But even in this strange new world so far away from us, there are emotional depths to be found. There is the melancholy of the immortal cyborg Die-Hard, who left his humanity behind millenia ago, but still fights the good fight because that's all he knows how to do, and there is the warmth of the Old Man Prophet, who builds true bands of brothers, bonding with other freed slaves, no matter what the race, inspiring other freemen to new heights.

Creatures that are more tree or robot still know the warmth of comradeship. Even the cruel and physically repulsive Earth 'mothers' have lives full of beauty on as level we can not see, having conversations we can not hear at a cosmic level.

The funniest part is that there are unexpected depths from call backs to the some of the worst comics ever created - there is a certain visceral thrill in seeing what happened to Radar the Supreme Dog or big old Badrock. One flashback to a moment long lost in time is tempered in cosmic irony in showing just how far things have come, but is also hilarious, worth it just for the 'rib bib' gag.

Besides, they might be strange creatures that don't always have things like eyes and hands and heads, but they still speak of honour and revenge and freedom and love - universal constants in unrecognisable tongues.

And once you realise a little of how this strange new world works, the tale that Prophet is telling is actually a relatively simple story of a huge and cruel empire rising up again, and forcing free people to stand up and fight them, while a powerful and truly ancient force of unimaginable power thunders closer to the narrative. This isn't that complicated, and adequately explained. It isn't as tough as it looks.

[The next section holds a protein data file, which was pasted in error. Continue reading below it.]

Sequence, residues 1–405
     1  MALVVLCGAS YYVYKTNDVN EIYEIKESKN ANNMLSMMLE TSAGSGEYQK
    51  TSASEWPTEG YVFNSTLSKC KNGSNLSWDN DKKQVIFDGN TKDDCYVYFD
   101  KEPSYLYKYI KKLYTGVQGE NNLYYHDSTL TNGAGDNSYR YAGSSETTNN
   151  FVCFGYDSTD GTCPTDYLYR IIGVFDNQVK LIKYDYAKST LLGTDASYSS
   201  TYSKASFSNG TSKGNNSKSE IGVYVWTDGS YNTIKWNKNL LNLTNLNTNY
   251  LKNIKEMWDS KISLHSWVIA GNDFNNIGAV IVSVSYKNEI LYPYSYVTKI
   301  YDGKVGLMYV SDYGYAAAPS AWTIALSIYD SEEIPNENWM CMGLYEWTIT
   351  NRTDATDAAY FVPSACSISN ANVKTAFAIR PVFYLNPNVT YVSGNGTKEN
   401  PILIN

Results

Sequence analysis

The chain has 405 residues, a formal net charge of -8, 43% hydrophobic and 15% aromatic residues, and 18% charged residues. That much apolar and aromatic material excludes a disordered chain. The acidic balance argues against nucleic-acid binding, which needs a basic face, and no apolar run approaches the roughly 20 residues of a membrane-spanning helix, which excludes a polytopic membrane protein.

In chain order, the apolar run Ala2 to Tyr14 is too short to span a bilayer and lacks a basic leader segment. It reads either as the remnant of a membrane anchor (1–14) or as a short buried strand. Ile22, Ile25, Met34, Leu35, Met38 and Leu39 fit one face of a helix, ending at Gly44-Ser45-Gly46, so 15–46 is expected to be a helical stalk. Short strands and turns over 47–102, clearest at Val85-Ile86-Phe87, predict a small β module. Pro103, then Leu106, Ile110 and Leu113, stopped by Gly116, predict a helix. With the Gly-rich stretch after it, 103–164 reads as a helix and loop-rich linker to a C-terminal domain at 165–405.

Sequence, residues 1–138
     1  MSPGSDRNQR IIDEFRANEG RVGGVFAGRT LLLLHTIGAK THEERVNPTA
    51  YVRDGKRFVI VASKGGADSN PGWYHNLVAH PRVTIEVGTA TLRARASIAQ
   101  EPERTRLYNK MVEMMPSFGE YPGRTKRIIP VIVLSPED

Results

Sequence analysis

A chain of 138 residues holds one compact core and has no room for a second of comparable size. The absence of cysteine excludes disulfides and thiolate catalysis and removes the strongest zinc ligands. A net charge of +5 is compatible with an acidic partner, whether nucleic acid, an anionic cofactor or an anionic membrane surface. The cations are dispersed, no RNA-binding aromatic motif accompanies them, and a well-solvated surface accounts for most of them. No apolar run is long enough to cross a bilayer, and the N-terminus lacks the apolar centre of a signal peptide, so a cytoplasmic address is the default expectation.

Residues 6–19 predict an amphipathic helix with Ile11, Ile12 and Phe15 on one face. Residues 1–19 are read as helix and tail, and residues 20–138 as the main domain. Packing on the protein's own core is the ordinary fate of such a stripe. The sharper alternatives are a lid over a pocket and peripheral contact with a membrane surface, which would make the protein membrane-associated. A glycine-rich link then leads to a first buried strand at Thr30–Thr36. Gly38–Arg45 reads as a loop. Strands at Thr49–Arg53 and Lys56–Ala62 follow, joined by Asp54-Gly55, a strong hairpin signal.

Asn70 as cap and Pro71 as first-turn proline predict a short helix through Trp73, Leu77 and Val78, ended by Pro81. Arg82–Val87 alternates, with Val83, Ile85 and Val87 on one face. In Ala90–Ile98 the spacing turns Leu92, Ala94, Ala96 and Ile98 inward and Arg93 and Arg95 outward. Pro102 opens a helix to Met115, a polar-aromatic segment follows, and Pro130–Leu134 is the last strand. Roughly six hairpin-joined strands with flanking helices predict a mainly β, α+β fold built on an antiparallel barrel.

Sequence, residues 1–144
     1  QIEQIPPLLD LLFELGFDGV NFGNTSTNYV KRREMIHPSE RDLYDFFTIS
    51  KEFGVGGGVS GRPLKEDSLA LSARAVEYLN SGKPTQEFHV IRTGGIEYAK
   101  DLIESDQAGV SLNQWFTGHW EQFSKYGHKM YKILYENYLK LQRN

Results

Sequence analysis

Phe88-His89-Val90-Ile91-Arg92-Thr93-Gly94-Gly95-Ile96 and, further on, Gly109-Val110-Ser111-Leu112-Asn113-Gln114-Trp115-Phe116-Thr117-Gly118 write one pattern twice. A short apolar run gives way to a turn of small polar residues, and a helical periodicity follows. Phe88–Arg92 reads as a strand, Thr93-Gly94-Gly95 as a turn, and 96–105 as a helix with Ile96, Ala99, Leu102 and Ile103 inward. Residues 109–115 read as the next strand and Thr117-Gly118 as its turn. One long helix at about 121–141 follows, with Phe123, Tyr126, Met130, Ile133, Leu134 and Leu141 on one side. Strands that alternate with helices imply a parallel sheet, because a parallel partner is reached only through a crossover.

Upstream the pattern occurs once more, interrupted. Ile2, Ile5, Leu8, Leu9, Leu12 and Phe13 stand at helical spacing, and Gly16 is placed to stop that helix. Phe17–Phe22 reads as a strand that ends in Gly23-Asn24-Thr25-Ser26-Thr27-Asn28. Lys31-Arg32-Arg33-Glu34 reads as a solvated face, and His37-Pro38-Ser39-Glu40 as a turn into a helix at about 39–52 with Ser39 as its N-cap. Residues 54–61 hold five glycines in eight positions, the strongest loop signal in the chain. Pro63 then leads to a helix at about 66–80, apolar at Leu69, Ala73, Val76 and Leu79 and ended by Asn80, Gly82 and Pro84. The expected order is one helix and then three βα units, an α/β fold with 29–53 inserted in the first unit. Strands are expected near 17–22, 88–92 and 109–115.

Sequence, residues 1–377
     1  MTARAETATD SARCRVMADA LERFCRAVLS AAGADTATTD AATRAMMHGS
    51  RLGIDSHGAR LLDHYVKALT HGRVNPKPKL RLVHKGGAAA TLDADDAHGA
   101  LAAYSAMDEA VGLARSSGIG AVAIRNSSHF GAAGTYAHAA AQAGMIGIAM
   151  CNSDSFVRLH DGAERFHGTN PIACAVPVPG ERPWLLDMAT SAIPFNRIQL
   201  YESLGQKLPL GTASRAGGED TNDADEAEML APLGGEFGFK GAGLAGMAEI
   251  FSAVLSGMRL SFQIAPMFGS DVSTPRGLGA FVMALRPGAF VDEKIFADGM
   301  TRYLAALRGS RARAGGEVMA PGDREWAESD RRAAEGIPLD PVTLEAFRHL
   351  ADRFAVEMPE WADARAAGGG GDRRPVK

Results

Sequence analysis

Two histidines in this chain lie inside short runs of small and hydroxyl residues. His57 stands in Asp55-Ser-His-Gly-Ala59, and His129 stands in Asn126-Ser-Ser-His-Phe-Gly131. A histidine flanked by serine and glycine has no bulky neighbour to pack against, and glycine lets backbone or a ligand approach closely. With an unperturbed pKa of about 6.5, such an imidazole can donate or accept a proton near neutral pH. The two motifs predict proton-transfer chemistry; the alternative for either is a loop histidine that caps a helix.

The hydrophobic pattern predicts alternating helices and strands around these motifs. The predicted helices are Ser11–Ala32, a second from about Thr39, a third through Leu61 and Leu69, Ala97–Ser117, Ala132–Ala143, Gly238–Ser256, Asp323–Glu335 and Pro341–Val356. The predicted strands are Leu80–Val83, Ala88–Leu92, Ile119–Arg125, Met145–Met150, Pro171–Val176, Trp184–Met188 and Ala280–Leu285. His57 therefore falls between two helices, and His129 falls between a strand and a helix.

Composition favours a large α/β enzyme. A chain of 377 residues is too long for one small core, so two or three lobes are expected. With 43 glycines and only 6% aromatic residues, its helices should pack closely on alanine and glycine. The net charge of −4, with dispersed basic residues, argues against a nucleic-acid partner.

After all, at least there are still humanoids and events are still basically happening on a man-sized scale. Things could be worse - at one point, in one of the Prophet: Strikefile comics, the story even goes back billions of years, to times when there are things we wouldn't even recognise as intelligent life, and they travel through space by knowledgeable means.

There are still constants, including lusts for power and transcendence that exist in all of time and space,  but this are truly alien worlds.

And the artistic freedom that gives allows for some stunning imagery in the Prophet comics. You can do anything with the possible sights and illogical physics of this far future and even more distant past, and that can lead to some awesome art moments – gloriously strange landscapes, and epic space battles that take over entire solar systems.

It is also nice to have a comic book that doesn't make it easy for the reader, and gives them enough credit to figure things out for themselves. When so many modern stories are dumbed all the way down to the lowest common denominator, it is genuinely refreshing to have a comic that requires a bit of effort.

There aren't any quick and easy explanations for what is actually happening in the story – it take several collected books before some of the basic tenants of this new world are explained, and the confidence of the creative team in this regard is truly amazing. But it's a comic that is truly worth that extra effort, for this much strangeness.

And if it gives you the existential shits, well, that's just a bonus.